What parents need to know about opioid prevention, intervention

What parents need to know about opioid prevention, intervention
Dr. Allen Lebovits

By Dr. Allen Lebovits

As we approach the holiday season, many parents are looking forward to catching up with their older children home from college or on break from high school. I encourage parents to use this extra time as an opportunity to talk to their kids about the risks of opioid use and what to do if they or someone they know may need help.

Young adults are the biggest misusers of prescription drugs in the U.S. – including opioid pain relievers – and the rate of deaths from drug overdose among 12- to 25-year-olds in New York has more than tripled since 1999. Most people use drugs for the first time when they are teenagers, and drug use is highest among people in their late teens and twenties. Early intervention is critical to preventing long-term addiction issues, and parents are often the “first responders” when it comes to helping their children avoid or overcome a substance use disorder.

The U.S. is in the midst of a national opioid crisis that claims the lives of 91 Americans each day – one person every 16 minutes. Overdose deaths due to opioids, which include prescription pain relievers and heroin, are now responsible for more deaths in this country than car accidents or firearms. More than 3,000 New Yorkers died due to drug overdoses in 2015, the vast majority due to opioids. Deaths from drug overdoses and chronic drug abuse in New York have increased 71 percent over the past five years.

Here are some steps that parents and other responsible adults – including coaches, teachers, and mentors – can take to help prevent opioid addiction or intervene when misuse becomes a problem, potentially saving a young person’s life:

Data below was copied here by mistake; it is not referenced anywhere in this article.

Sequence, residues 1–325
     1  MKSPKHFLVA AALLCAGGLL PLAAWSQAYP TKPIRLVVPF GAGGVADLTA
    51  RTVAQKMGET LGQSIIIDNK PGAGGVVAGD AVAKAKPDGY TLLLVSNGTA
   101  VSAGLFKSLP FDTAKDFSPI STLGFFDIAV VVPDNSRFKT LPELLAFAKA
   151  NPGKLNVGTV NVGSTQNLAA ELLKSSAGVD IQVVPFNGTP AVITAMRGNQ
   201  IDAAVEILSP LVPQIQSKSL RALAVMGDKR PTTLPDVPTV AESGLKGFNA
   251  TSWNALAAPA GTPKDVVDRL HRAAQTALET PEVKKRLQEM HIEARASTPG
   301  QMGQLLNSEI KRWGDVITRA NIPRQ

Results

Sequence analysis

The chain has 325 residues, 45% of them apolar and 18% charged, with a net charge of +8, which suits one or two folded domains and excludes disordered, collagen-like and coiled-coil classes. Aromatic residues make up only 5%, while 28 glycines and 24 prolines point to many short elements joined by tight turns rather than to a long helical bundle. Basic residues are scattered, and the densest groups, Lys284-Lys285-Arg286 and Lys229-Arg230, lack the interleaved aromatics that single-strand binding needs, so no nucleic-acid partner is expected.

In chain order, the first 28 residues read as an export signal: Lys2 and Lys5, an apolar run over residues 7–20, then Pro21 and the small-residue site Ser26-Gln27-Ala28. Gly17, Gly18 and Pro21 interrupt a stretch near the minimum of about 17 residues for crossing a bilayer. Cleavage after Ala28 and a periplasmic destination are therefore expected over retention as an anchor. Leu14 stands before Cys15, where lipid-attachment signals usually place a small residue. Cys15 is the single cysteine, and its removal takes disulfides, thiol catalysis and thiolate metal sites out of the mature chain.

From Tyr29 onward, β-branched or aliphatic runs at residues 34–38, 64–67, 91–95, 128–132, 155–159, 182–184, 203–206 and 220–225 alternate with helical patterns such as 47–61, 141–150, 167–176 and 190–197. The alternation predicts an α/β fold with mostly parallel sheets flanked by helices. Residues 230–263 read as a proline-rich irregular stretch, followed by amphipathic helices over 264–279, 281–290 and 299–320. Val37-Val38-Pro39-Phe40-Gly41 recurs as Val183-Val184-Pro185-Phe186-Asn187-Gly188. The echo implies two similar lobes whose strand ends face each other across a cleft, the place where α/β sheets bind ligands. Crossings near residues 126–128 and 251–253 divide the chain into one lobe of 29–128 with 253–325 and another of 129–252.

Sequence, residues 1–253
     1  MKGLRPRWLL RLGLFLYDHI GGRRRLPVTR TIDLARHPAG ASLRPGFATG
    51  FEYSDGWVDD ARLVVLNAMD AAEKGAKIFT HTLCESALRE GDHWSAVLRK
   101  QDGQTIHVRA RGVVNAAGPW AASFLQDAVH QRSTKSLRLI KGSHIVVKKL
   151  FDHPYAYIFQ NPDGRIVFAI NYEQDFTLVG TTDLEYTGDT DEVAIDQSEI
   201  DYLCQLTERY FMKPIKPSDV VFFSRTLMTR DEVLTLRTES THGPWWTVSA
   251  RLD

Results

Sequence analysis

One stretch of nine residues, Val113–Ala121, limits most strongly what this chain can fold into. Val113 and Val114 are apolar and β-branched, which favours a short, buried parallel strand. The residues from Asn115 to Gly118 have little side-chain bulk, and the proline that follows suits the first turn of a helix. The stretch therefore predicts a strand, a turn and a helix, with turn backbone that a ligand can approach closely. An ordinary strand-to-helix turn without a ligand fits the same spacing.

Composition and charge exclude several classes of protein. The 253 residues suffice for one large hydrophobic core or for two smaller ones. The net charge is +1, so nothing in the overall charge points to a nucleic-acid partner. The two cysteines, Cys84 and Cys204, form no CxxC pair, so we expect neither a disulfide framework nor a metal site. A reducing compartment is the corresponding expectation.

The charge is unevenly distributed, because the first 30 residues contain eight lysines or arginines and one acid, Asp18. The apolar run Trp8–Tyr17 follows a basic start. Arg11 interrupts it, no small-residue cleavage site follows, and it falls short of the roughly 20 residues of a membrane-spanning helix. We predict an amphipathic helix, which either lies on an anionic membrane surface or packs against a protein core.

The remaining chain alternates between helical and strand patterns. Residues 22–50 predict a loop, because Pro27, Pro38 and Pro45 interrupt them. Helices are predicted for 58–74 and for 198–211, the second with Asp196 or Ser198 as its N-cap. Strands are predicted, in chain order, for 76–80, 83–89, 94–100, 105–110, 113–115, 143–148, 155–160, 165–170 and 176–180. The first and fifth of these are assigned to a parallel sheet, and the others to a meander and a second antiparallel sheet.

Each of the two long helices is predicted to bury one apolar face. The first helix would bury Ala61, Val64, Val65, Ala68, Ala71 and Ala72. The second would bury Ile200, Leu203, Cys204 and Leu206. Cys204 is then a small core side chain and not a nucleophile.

• Address the issue: opioids are a necessary and useful part of treatment for some medical conditions, but these powerful drugs come with a high risk of misuse and dependency. Talk to your kids openly and honestly about the dangers of opioid misuse, and make sure all medications in your home are stored safely and securely. Research shows that 80 percent of all heroin users started out misusing commonly prescribed opioid painkillers such as oxycodone, hydrocodone, codeine, and morphine.
  • Understand the risks: many teens and young adults first use opioids prescribed by their doctor after a common medical issue, such as a sports injury or wisdom tooth surgery. Talk to your provider about limiting the number of pills prescribed, and whether your child truly needs to take opioids or if there are lower-risk options available for addressing pain during recovery from an injury or surgery.
  • Spot the signs: common indicators of substance use include general changes in mood and behavior. A person who is actively misusing opioids may seem drowsy and disoriented; movements may be slowed and speech might be slurred, and they may seem to be withdrawn, depressed, or overly energetic. Drug paraphernalia which could indicate heroin use includes vials, needles, rubber tubing, and spoons that are bent or burned on the bottom.
  • Find appropriate support: opioid dependency is a chronic condition that requires medical intervention. If your adult child needs help, look for a treatment program that incorporates medication-assisted treatment (MAT). Research shows that MAT increases the odds for long-term recovery and reduces the likelihood of relapse by easing symptoms of withdrawal and reducing cravings. Many of the most effective opioid treatment programs combine MAT with talk therapy and ongoing community-based services, such as peer support from individuals who are living with long-term recovery from substance use.

For more information and tips on preventing or addressing opioid use disorder, visit Optum.com/Recovery.

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